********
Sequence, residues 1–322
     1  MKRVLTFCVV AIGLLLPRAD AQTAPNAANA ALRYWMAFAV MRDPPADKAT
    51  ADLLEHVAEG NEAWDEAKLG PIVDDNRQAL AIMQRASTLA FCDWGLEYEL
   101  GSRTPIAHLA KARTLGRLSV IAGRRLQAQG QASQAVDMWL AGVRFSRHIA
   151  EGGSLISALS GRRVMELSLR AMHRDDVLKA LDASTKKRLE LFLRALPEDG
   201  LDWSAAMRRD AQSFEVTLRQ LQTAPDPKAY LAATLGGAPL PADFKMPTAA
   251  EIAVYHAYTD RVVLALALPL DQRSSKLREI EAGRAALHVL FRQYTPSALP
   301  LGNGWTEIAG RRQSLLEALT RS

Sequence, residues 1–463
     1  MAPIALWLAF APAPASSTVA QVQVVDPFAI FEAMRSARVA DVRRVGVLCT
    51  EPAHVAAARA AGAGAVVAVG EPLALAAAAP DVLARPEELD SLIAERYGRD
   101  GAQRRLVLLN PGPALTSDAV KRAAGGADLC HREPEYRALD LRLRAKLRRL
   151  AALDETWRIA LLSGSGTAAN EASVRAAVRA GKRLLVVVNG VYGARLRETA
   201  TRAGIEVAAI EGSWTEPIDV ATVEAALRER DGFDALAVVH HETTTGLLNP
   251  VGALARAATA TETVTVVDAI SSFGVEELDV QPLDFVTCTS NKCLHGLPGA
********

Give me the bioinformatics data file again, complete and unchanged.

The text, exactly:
Sequence, residues 1–322
     1  MKRVLTFCVV AIGLLLPRAD AQTAPNAANA ALRYWMAFAV MRDPPADKAT
    51  ADLLEHVAEG NEAWDEAKLG PIVDDNRQAL AIMQRASTLA FCDWGLEYEL
   101  GSRTPIAHLA KARTLGRLSV IAGRRLQAQG QASQAVDMWL AGVRFSRHIA
   151  EGGSLISALS GRRVMELSLR AMHRDDVLKA LDASTKKRLE LFLRALPEDG
   201  LDWSAAMRRD AQSFEVTLRQ LQTAPDPKAY LAATLGGAPL PADFKMPTAA
   251  EIAVYHAYTD RVVLALALPL DQRSSKLREI EAGRAALHVL FRQYTPSALP
   301  LGNGWTEIAG RRQSLLEALT RS

Sequence, residues 1–463
     1  MAPIALWLAF APAPASSTVA QVQVVDPFAI FEAMRSARVA DVRRVGVLCT
    51  EPAHVAAARA AGAGAVVAVG EPLALAAAAP DVLARPEELD SLIAERYGRD
   101  GAQRRLVLLN PGPALTSDAV KRAAGGADLC HREPEYRALD LRLRAKLRRL
   151  AALDETWRIA LLSGSGTAAN EASVRAAVRA GKRLLVVVNG VYGARLRETA
   201  TRAGIEVAAI EGSWTEPIDV ATVEAALRER DGFDALAVVH HETTTGLLNP
   251  VGALARAATA TETVTVVDAI SSFGVEELDV QPLDFVTCTS NKCLHGLPGA